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Dennis Banks | Carl Stokes

Dennis Banks

Born on the Leech Lake Reservation in Minnesota as a member of the Anishinabe tribe, Dennis Banks has made it his life's work to stand up for the rights of American Indians. He has led protests, stood eye to eye with the American government, gone to jail and worked to secure a place for his people in a sometimes hostile environment.

In 1968, Banks founded the American Indian Movement (AIM) - an organization that would take up the cause of defending American Indian traditions against the onslaught of federal government interference. While the means Banks went to as he fought to protect his heritage have sometimes been questioned, the ends he sought were oftentimes considered fair and just, even by those who opposed him.

The movement was involved in the occupation of Alcatraz Island, as Banks attempted to force the federal government to honor all of the treaties that had been made - and subsequently broken - with the many American Indians tribes. In the early seventies, Banks became increasingly confrontational after years of frustrations that yielded little action. His 1972 Trail of Broken Treaties march on Washington where Congressional leaders refused to meet with his delegation was a precursor to the events that would explode on the nation less than a year later.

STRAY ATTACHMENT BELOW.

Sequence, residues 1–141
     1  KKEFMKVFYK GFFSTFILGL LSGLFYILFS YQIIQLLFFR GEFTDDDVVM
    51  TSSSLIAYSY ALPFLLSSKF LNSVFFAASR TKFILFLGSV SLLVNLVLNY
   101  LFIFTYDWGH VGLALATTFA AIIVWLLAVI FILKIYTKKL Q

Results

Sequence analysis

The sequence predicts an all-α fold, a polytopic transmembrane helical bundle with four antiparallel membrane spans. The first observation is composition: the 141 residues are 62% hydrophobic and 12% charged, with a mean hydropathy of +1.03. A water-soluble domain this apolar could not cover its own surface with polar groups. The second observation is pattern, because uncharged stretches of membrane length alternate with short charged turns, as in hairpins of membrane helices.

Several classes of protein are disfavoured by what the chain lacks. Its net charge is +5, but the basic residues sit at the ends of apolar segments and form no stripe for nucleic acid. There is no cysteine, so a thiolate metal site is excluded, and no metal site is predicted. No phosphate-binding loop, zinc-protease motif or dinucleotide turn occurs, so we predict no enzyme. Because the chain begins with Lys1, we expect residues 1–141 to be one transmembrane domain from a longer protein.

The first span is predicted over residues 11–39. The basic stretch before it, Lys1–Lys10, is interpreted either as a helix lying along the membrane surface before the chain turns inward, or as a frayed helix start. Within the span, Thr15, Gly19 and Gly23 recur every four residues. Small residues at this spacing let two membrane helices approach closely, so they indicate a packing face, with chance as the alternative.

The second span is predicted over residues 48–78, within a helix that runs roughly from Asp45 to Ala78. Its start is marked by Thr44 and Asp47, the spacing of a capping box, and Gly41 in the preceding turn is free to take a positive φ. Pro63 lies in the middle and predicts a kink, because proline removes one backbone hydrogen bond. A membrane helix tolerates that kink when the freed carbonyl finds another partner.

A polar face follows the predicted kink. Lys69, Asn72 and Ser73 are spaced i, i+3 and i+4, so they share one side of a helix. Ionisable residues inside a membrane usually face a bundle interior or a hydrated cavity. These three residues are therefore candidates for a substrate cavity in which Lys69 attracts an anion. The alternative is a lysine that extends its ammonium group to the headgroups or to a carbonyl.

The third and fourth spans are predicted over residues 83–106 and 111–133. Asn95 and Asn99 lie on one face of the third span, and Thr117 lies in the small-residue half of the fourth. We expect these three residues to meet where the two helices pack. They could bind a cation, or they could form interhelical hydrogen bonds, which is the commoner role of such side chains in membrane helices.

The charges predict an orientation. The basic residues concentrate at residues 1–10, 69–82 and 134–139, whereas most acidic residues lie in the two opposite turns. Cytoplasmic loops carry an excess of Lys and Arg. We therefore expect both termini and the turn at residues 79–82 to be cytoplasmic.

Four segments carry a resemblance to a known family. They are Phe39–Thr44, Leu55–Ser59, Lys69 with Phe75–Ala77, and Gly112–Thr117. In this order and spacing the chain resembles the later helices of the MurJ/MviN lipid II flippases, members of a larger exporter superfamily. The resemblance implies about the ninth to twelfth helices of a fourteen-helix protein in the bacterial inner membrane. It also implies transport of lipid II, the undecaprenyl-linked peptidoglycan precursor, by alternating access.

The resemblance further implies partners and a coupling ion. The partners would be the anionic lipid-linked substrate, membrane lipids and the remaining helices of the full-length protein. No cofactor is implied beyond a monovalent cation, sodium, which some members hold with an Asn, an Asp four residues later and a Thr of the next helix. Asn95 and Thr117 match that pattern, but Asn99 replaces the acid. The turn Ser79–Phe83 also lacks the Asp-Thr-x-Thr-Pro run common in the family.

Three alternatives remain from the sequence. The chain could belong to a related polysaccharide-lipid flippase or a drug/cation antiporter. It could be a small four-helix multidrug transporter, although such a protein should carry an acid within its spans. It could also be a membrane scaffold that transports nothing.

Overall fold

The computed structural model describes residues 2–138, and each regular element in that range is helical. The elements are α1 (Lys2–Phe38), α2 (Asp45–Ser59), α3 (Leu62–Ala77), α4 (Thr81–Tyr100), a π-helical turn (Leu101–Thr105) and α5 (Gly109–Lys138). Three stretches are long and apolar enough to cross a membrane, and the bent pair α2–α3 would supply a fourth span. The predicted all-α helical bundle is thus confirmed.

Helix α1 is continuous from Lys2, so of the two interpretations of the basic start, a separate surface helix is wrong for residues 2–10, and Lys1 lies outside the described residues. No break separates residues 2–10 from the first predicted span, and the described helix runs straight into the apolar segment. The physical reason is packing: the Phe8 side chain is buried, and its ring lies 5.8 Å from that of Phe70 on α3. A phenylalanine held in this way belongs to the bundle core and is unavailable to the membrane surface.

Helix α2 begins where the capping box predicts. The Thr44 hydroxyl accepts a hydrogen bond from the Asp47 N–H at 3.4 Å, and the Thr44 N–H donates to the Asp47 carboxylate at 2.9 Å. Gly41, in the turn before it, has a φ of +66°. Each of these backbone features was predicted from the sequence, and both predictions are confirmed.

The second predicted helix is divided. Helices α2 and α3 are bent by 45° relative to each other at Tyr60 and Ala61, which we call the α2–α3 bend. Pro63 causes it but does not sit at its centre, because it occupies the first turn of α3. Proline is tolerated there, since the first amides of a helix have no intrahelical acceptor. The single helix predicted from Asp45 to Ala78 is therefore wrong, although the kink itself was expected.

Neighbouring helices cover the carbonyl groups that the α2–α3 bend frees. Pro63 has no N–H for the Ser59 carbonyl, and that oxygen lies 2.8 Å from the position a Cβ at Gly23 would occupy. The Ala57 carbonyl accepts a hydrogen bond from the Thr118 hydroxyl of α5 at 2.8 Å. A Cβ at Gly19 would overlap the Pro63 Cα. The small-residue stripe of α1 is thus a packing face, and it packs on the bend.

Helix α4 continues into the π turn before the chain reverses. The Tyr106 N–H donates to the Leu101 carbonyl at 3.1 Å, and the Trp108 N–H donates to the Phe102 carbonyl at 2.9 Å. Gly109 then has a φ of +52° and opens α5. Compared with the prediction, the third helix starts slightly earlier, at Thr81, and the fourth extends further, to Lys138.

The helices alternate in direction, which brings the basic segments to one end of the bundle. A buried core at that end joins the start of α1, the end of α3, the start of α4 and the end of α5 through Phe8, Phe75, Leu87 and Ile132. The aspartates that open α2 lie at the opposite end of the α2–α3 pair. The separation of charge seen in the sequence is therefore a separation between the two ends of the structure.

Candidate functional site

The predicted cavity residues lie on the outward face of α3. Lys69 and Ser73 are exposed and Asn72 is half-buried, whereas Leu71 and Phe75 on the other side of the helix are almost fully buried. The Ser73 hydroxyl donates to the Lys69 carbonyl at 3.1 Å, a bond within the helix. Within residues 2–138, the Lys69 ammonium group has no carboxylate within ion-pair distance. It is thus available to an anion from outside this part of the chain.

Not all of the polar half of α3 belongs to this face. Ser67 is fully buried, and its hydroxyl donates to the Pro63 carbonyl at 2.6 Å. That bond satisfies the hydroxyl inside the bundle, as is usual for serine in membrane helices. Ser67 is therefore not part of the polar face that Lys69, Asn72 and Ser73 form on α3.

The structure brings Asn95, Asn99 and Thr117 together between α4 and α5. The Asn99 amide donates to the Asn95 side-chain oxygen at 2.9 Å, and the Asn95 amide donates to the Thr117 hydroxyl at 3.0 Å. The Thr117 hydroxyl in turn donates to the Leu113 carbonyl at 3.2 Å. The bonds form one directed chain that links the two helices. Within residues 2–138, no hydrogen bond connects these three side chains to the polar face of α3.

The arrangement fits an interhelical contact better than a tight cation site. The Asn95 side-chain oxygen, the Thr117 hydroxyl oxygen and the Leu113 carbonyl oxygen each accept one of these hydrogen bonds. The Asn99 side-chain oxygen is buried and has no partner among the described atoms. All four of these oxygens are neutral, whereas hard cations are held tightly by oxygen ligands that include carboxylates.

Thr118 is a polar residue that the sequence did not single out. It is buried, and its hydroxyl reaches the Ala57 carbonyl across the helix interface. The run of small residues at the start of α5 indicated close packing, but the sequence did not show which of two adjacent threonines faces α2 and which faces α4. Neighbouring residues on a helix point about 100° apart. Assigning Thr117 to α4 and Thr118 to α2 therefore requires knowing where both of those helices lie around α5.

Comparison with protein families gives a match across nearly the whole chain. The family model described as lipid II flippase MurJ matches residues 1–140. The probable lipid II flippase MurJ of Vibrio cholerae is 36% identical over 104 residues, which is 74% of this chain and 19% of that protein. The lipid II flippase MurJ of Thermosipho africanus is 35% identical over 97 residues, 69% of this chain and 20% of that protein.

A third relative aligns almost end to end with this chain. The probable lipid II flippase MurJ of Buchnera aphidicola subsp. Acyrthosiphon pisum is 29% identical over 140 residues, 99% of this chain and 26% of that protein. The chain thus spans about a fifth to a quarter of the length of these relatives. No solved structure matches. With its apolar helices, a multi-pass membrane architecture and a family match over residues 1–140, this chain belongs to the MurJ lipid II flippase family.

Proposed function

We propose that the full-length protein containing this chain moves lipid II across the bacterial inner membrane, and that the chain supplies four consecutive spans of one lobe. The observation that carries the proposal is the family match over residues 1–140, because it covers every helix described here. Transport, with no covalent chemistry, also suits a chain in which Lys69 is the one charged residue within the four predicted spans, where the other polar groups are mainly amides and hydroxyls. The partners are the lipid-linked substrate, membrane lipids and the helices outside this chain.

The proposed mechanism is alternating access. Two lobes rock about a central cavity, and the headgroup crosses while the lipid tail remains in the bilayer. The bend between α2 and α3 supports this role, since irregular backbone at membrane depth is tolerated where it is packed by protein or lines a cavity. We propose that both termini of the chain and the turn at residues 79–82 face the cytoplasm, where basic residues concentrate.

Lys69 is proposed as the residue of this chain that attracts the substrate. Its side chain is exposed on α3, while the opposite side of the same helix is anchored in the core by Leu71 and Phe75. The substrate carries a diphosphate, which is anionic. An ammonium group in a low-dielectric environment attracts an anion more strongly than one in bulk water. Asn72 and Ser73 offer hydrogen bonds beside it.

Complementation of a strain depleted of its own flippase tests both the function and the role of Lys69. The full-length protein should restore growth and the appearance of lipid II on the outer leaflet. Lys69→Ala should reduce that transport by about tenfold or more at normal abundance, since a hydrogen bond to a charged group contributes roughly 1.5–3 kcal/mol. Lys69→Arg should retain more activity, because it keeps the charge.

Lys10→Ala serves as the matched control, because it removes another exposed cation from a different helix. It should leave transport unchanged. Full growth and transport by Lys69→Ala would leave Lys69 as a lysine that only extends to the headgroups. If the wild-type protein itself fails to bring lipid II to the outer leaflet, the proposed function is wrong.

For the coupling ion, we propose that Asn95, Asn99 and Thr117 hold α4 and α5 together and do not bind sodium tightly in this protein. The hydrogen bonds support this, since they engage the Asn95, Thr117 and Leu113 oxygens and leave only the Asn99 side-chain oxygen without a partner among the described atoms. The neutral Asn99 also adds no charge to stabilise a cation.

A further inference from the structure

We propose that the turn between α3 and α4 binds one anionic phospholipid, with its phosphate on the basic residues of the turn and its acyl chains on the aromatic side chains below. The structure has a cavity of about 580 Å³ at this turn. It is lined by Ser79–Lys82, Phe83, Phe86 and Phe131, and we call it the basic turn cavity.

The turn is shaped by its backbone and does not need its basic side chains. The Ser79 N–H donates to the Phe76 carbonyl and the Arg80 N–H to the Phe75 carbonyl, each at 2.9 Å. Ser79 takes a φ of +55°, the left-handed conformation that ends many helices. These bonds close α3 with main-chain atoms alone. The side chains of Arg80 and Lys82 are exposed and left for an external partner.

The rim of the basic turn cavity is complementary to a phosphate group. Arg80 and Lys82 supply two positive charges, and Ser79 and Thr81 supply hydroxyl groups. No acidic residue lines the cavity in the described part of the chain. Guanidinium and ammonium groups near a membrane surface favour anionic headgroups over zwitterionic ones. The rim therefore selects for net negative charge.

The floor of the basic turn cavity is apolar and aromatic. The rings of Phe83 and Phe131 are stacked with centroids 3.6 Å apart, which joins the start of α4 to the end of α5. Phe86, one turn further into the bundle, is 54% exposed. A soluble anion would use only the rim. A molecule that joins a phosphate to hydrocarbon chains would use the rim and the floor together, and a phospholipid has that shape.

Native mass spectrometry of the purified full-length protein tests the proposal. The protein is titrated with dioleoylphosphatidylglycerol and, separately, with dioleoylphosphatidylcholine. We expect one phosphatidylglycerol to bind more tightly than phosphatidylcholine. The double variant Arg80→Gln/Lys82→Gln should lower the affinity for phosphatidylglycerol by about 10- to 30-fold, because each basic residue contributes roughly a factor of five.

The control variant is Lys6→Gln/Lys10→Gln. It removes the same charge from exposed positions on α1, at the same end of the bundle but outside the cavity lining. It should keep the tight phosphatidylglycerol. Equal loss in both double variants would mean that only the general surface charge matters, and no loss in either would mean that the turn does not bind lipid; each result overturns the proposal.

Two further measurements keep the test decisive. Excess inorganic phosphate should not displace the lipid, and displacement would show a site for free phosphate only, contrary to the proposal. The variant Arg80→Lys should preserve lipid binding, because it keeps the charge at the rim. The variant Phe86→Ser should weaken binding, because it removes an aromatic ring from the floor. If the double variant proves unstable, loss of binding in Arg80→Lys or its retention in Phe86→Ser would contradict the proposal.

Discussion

1973 proved to be the year that AIM, under Banks' leadership, took up arms in resistance. On the Pine Ridge Indian Reservation in South Dakota, AIM took control of Wounded Knee for 71 days. Later on that year, after a settlement had been reached, Banks again appeared in Custer, South Dakota as American Indians held a protest after a jury acquitted a white man convicted of murdering an Indian.

After the protest, Banks was arrested, along with 300 of his fellow protestors. While he was found innocent of charges at Wounded Knee, his involvement at Custer landed him a jail sentence. Refusing to serve time, Banks fled to the underground - where he lived for a time with the likes of Marlon Brando and other American Indian sympathizers- until then California governor Jerry Brown amnesty.

While Banks eventually would serve 18-months for his roles in American Indian protests, he was always striving towards his goal of making life for his people better. He became the first American Indian chancellor at Deganawide Quetzecoatl University and he has organized several cross-country runs designed at teaching people the balance between the earth and mankind.

The most influential of these treks, The Sacred Run, has occurred all over the world and encompassed well over 58,000 miles.

While the great protests and stand-offs are in his past, Banks still runs AIM from his two headquarters in Kentucky and Arizona, always with his single goal: to make the world better.

Carl Stokes  (return to top)

Bio goes here.

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